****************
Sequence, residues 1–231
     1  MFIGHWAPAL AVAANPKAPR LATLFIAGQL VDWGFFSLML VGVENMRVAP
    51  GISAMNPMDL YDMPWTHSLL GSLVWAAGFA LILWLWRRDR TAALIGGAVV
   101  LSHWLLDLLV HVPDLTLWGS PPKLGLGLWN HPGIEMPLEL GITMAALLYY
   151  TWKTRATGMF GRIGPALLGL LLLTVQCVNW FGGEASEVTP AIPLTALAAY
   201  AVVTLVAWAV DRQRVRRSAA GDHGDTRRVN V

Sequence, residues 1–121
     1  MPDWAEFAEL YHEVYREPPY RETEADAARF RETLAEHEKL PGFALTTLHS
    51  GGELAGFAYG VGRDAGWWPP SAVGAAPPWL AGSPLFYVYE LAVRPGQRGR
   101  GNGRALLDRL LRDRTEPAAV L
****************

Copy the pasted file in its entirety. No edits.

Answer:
Sequence, residues 1–231
     1  MFIGHWAPAL AVAANPKAPR LATLFIAGQL VDWGFFSLML VGVENMRVAP
    51  GISAMNPMDL YDMPWTHSLL GSLVWAAGFA LILWLWRRDR TAALIGGAVV
   101  LSHWLLDLLV HVPDLTLWGS PPKLGLGLWN HPGIEMPLEL GITMAALLYY
   151  TWKTRATGMF GRIGPALLGL LLLTVQCVNW FGGEASEVTP AIPLTALAAY
   201  AVVTLVAWAV DRQRVRRSAA GDHGDTRRVN V

Sequence, residues 1–121
     1  MPDWAEFAEL YHEVYREPPY RETEADAARF RETLAEHEKL PGFALTTLHS
    51  GGELAGFAYG VGRDAGWWPP SAVGAAPPWL AGSPLFYVYE LAVRPGQRGR
   101  GNGRALLDRL LRDRTEPAAV L